Bush, Blair and Howard – Three reckless adventurers in Iraq (Part 1)
The Iraq Inquiry Report (2009-2016) documents how Tony Blair committed Great Britain to war early in 2002, lying to the United Nations, to Parliament, and to the British people, in order to follow George Bush, who had planned an aggression on Iraq well before September 2001.
Australian Prime Minister John Howard conspired with both reckless adventurers, purported ‘to advise’ both buccaneers, sent troops to Iraq before the war started, then lied to Parliament and to the Australian people. He continues to do so.
Should he and his cabal be charged with war crimes? This, and more, is investigated by Dr George Venturini in this outstanding series.
The Iraq Inquiry
On 15 June 2009 the former British Prime Minister, Gordon Brown, announced that an Inquiry would be conducted to identify lessons which could be learned from the Iraq conflict. He said:
“With the last British combat troops about to return home from Iraq, now is the right time to ensure that we have a proper process in place to enable us to learn the lessons of the complex and often controversial events of the last six years. I am today announcing the establishment of an independent Privy Counsellor committee of inquiry which will consider the period from summer 2001, before military operations began in March 2003, and our subsequent involvement in Iraq right up to the end of July this year. The inquiry is essential because it will ensure that, by learning lessons, we strengthen the health of our democracy, our diplomacy and our military.
The inquiry will, I stress, be fully independent of Government. Its scope is unprecedented. It covers an eight-year period, including the run-up to the conflict and the full period of conflict and reconstruction. The committee of inquiry will have access to the fullest range of information, including secret information. In other words, its investigation can range across all papers, all documents and all material. It can ask for any British document to be brought before it, and for any British citizen to appear. No British document and no British witness will be beyond the scope of the inquiry. [As will be seen, this will not be the case] I have asked the members of the committee to ensure that the final report will be able to disclose all but the most sensitive information—that is, all information except that which is essential to our national security.
The inquiry will receive the full co-operation of the Government. It will have access to all Government papers, and the ability to call any witnesses. The objective is to learn the lessons from the events surrounding the conflict.
I believe that that will also ensure that evidence given by serving and former ministers, military officers and officials is as full and candid as possible. The committee will publish its findings in as full a form as possible. These findings will then be debated in the House of Commons and the House of Lords. It is in these debates, as well as from the report itself, that we can draw fully upon the lessons learned in Iraq.” (www.parliament.uk, 15 Jun 2009: Column 23).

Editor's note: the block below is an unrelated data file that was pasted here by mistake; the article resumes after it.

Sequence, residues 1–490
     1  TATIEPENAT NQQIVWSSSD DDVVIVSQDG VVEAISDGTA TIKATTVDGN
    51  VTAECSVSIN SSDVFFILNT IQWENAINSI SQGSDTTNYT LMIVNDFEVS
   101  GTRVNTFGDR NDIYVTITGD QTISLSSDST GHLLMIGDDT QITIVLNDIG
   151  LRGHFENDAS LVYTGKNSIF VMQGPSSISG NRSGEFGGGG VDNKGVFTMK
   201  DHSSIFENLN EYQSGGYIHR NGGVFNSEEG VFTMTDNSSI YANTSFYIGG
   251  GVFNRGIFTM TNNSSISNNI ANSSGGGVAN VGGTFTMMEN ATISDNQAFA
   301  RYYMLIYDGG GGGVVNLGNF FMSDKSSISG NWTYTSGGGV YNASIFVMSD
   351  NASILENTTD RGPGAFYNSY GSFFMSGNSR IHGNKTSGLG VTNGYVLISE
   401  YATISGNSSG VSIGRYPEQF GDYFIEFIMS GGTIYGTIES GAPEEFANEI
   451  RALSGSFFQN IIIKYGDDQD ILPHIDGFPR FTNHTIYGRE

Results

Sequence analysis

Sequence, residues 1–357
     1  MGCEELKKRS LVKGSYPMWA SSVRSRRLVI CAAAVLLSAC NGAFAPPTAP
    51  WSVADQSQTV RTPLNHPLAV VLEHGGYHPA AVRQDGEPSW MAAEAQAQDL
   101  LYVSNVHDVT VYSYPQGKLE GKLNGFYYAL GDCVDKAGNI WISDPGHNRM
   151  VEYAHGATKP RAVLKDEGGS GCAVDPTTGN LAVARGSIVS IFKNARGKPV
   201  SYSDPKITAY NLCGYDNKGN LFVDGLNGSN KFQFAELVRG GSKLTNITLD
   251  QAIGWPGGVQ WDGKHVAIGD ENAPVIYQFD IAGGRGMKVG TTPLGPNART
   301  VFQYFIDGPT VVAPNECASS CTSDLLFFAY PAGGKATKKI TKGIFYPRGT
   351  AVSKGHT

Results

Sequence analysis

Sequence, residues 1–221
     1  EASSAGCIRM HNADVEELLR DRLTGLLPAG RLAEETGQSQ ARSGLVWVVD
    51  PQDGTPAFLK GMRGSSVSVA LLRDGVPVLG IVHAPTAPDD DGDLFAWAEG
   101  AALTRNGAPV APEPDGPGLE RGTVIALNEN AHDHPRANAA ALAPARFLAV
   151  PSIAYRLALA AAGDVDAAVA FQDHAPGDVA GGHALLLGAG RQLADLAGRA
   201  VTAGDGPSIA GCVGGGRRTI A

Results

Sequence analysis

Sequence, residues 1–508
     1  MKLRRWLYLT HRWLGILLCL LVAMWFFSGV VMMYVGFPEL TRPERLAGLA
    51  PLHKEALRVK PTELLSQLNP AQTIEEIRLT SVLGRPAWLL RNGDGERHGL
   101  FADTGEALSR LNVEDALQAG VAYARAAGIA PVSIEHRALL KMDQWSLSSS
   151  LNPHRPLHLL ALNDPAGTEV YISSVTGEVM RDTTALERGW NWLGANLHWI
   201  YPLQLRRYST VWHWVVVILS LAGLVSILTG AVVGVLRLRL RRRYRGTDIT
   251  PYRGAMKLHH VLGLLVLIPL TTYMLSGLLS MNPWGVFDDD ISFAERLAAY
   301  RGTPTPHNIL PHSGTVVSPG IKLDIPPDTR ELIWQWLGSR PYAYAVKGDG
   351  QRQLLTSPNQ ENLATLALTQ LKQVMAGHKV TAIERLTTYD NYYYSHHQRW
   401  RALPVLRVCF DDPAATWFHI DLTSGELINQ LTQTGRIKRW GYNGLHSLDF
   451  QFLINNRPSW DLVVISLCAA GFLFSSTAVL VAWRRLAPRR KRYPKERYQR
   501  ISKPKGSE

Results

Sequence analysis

“In order that the committee is as objective and non-partisan as possible, the membership of the committee will consist entirely of non-partisan public figures acknowledged to be experts and leaders in their fields. There will be no representatives of political parties from either side of this House. I can announce that the committee of inquiry will be chaired by Sir John Chilcot and it will include Baroness Usha Prashar, Sir Roderick Lyne, Sir Lawrence Freedman and Sir Martin Gilbert. All are, or will become, Privy Counsellors.
The committee will start work as soon as possible after the end of July. Given the complexity of the issues it will address, I am advised that it will take a year. As I have made clear, the primary objective of the committee will be to identify lessons learned. The committee will not set out to apportion blame or consider issues of civil or criminal liability.” (www.parliament.uk, 15 Jun 2009: Column 24).
Opposition parties, campaigners and back bench members of the governing Labour Party condemned the decision to hold the inquiry in secret and its highly restrictive terms of reference which would not, for example, have permitted any blame to be apportioned. In 2015 Sir John Chilcot [hereafter Sir John] was criticised as the Iraq Inquiry remained unpublished after six years. The head of Her Majesty’s Civil Service Sir Jeremy Heywood said that the inquiry had repeatedly turned down offers of extra assistance to help speed up the report. Voices were raised in the House of Lords.
On 22 October 2015, during a debate, Lord Morris of Aberavon, KG PC QC, who had been Blair’s Attorney General between May 1997 and July 1999, complained about the “scandalous delay” in producing the Report.